“Frankly, I would be fine with the west or the east side when we swear in Donald Trump for a second term,” Sen. Tom Cotton (R-Arkansas), head of the RNC negotiating team, said in a short statement. “The Republican party is the party of Ronald Reagan, who boldly broke with precedent to take the oath on the west side, looking out across America. But the Republican party is also the party of Abraham Lincoln, our third-greatest president, who took the oath on the east side both times. And much like Lincoln, our president will be inaugurated on the eve of a civil war. Some might say that by using the east side we would be symbolically turning our backs on America and democracy. To them I would say: shut the (expletive) up. This is a bipartisan agreement. When we work together, America wins. What happens after that is anybody’s guess.”

Democrats are all-out hoping for the west side, but “if we lose the coin flip I’m sure we’ll have our usual disorganized confusion where we stumble around in a daze and complain a lot and then probably sue someone or something too late and lose,” said Sen. Bob Menendez (D-New Jersey), visibly agitated. “Then we’ll give up and use the east side to swear in our real president, whomever that may be.”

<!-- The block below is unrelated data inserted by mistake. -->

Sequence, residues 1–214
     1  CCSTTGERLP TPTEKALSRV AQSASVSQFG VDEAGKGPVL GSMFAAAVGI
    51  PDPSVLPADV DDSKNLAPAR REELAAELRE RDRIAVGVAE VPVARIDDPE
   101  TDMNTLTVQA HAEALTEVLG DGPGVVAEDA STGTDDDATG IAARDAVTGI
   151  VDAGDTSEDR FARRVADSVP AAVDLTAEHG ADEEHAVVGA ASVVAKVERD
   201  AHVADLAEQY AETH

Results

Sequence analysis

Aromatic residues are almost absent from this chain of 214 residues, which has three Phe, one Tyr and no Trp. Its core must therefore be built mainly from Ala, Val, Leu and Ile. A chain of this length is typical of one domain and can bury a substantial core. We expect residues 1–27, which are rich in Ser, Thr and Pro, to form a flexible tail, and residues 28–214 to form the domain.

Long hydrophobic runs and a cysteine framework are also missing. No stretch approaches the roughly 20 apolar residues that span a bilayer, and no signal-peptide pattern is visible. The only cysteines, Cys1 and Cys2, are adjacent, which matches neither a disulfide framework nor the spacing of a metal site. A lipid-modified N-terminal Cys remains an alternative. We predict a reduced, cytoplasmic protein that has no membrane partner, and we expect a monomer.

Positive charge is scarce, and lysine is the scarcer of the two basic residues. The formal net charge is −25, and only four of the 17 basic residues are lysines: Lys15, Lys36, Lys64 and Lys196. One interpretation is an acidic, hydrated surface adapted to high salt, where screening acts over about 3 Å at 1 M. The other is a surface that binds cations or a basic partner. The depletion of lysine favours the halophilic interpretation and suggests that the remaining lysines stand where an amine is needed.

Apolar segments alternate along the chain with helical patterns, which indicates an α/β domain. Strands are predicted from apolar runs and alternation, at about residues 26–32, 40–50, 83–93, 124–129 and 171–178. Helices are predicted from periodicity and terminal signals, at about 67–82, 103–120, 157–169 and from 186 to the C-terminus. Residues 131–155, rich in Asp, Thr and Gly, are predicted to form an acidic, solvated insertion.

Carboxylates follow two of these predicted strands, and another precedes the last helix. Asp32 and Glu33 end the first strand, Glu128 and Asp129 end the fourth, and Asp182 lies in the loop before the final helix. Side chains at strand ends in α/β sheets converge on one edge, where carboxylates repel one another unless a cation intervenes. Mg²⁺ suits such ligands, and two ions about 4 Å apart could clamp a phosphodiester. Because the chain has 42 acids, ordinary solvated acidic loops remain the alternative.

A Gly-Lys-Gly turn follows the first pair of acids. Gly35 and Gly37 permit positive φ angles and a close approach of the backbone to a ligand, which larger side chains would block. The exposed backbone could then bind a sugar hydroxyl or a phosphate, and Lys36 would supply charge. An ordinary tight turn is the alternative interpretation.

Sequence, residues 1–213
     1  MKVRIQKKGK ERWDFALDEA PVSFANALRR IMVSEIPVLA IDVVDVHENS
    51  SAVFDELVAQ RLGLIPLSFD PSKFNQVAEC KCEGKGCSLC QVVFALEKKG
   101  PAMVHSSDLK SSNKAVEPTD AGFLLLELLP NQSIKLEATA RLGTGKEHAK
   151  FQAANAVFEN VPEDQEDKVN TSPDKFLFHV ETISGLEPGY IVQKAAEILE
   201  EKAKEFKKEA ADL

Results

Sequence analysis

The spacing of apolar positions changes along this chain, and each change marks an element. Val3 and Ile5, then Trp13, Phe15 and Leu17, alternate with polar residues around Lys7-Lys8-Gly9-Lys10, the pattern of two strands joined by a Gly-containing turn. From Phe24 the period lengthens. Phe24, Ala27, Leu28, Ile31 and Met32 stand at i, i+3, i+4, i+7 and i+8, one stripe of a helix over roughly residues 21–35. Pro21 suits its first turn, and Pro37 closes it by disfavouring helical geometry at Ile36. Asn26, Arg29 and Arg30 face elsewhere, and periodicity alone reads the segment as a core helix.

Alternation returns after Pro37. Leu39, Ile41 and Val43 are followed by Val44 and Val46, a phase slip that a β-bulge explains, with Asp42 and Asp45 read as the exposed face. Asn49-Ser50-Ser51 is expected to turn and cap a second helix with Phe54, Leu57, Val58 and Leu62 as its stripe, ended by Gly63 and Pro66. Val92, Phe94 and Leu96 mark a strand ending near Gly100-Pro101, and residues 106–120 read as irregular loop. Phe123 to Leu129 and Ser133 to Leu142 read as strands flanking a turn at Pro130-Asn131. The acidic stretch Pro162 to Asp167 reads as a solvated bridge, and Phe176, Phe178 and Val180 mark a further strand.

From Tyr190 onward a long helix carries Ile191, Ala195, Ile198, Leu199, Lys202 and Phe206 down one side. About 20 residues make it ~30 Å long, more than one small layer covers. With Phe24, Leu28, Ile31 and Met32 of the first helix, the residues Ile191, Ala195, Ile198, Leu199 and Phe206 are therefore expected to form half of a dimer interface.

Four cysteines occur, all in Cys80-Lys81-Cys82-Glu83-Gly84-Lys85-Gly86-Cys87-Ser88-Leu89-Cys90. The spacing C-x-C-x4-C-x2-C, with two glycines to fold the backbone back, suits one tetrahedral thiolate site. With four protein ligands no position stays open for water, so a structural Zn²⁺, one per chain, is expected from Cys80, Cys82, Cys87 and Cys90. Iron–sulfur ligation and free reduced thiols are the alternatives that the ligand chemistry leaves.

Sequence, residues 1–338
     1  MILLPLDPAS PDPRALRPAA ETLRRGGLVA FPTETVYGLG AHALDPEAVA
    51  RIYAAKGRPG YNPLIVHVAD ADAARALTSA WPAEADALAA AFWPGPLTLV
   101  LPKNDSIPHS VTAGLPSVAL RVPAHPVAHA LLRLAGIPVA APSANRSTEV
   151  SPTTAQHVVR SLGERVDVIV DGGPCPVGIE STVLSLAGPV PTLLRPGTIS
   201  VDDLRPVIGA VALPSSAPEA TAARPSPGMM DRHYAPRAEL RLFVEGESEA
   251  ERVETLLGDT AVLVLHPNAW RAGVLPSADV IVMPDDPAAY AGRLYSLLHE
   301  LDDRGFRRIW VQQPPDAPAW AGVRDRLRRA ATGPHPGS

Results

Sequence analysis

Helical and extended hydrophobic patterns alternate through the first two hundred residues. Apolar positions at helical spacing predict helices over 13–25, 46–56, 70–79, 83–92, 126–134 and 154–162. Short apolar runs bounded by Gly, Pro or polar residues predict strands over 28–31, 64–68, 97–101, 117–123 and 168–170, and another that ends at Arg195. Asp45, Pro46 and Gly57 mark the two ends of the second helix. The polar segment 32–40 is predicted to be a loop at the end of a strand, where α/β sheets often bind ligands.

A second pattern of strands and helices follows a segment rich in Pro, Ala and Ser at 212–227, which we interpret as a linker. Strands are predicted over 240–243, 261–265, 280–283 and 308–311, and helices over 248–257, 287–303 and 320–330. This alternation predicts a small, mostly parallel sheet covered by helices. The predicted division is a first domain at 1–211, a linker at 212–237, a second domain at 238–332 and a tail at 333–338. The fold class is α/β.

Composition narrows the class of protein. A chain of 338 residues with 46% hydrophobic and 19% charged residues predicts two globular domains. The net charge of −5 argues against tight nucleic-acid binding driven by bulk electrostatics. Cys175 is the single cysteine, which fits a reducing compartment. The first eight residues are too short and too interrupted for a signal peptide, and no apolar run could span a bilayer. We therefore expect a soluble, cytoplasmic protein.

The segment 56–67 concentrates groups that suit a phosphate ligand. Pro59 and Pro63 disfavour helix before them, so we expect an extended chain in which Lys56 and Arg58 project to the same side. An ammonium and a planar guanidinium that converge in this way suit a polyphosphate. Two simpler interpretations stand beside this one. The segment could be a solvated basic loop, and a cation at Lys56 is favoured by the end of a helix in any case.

Senator Ted Cruz
Sen. Ted Cruz

Others in the Republican camp are less flexible. “Frankly, the only way we lose the coin flip is if the process is rigged,” an angry Senator Ted Cruz (R-Texas) stated while standing on the steps outside the Capitol. Cruz, who was not part of the negotiations, made his declaration while gesturing like he was holding a rifle and making a “trigger-pull” motion with his right index finger. “Let me be clear, there will be consequences if there is a Democrat attempt to steal this coin flip. Hell fire and fury.” Added Cruz: “Why don’t you make a video of me saying that so I can get on Hannity tonight?”